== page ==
Top US court upholds California foie gras ban

Animal rights activists are on the attack against foie gras in a drive that threatens an important industry in metropolitan New York. The city council's health commission was to debate a bill that would ban all sales of foie gras under penalty of a $1,000

The US Supreme Court on Monday upheld California's foie gras ban, ending a long legal battle between animal rights activists and defenders of the delicacy.

The highest US court rejected an appeal filed by foie gras producers against a law prohibiting the sale of products from force-feeding geese or duck, to enlarge their liver. 

The law, passed in 2004 by California in the name of animal rights, carries a fine of 1,000 dollars (875 euros).

It took effect in 2012, and then was suspended by the courts in 2015 -- but then upheld on appeal in 2017. 

Producers of foie gras from Canada and New York, as well as a California restaurateur, then appealed to the Supreme Court in defense of this delicacy they called "perhaps the most maligned (and misunderstood) food in the world."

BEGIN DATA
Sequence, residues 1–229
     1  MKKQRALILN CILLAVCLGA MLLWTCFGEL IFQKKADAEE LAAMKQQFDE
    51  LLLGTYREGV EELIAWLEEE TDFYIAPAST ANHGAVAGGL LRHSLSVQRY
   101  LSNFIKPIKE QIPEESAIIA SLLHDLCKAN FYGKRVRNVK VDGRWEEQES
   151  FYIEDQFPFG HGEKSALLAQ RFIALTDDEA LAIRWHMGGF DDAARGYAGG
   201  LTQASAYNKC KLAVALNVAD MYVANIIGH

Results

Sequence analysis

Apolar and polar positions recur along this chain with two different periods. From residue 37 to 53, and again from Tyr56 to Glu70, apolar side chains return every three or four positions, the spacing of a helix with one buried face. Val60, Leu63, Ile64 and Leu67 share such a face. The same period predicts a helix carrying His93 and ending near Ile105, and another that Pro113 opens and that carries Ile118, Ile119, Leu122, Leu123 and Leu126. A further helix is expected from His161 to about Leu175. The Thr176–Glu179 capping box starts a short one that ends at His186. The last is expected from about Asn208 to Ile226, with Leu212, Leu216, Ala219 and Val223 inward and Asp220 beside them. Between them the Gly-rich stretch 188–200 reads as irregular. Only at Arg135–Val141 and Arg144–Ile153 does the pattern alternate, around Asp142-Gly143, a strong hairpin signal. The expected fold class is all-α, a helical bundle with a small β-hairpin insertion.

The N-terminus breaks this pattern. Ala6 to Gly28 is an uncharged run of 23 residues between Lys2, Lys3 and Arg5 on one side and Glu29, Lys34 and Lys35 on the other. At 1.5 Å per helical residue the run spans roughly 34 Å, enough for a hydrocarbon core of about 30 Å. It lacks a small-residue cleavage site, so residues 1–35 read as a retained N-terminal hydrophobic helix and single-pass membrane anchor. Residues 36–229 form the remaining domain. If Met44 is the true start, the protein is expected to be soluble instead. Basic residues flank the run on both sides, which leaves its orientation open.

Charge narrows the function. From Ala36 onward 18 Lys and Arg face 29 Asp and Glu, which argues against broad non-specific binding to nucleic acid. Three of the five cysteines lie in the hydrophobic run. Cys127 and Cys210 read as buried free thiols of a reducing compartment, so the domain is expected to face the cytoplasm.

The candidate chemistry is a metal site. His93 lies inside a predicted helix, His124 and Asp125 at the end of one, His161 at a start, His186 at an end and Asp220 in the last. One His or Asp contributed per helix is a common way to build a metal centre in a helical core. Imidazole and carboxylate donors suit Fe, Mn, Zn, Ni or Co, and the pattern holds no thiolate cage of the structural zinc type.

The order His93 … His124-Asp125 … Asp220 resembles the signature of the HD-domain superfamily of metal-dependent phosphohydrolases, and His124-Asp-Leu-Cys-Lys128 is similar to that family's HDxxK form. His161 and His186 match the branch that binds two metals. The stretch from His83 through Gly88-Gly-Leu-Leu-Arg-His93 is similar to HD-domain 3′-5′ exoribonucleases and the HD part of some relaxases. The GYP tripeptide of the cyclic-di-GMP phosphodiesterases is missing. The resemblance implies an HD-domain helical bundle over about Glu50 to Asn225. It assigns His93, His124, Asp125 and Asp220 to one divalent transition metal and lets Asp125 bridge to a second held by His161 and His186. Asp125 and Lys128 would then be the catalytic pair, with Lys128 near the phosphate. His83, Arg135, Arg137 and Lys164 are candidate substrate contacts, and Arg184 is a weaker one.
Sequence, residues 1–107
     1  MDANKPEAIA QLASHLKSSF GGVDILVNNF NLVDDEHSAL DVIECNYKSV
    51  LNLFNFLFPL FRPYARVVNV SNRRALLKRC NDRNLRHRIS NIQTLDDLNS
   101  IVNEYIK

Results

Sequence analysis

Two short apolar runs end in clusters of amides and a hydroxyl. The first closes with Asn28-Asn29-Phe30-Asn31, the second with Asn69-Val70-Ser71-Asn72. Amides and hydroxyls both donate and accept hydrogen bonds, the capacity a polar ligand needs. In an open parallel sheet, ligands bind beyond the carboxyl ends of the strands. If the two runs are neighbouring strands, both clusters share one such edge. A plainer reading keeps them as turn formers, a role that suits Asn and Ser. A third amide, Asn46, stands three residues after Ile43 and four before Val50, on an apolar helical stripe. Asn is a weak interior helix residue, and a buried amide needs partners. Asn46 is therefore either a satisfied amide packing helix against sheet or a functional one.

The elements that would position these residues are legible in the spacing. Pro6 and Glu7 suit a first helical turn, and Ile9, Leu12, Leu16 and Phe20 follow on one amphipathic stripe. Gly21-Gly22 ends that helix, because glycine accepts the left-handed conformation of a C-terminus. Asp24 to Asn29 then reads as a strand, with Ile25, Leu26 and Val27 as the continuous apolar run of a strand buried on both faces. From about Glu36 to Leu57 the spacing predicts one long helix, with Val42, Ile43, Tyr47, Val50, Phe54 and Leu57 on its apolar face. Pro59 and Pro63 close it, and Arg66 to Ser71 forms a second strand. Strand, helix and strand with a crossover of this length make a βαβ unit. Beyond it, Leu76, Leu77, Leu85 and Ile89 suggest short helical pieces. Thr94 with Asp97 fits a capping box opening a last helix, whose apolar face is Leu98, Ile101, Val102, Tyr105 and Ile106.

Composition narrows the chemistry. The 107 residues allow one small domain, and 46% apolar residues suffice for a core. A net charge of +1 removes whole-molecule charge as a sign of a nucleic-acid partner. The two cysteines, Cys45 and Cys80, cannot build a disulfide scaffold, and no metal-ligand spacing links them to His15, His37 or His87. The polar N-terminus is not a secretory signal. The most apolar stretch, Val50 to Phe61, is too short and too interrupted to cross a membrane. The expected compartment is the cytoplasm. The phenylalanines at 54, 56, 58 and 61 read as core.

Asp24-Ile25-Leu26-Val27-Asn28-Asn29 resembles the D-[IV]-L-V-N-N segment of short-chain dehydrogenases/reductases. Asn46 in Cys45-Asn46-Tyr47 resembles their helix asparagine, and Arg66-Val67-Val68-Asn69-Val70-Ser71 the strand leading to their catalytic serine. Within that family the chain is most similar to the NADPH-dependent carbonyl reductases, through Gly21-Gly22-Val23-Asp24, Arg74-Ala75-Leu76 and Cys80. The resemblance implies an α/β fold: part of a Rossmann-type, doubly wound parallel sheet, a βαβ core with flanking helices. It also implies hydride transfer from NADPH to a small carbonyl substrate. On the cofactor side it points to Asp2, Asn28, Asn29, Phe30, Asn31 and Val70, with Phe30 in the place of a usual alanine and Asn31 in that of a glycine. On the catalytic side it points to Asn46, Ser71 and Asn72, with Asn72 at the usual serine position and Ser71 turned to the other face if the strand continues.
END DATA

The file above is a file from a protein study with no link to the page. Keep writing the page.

They argued that a state could not ban a federally authorized product.

They had support from France which called California's law "an assault on French (gastronomic and cultural) tradition."

Monday, the court threw out the appeal with no explanation.

As such, California's law remains in effect.

"This victory for animals follows tireless efforts from animal rights activists to oppose the archaic foie gras industry," the animal rights group PETA said.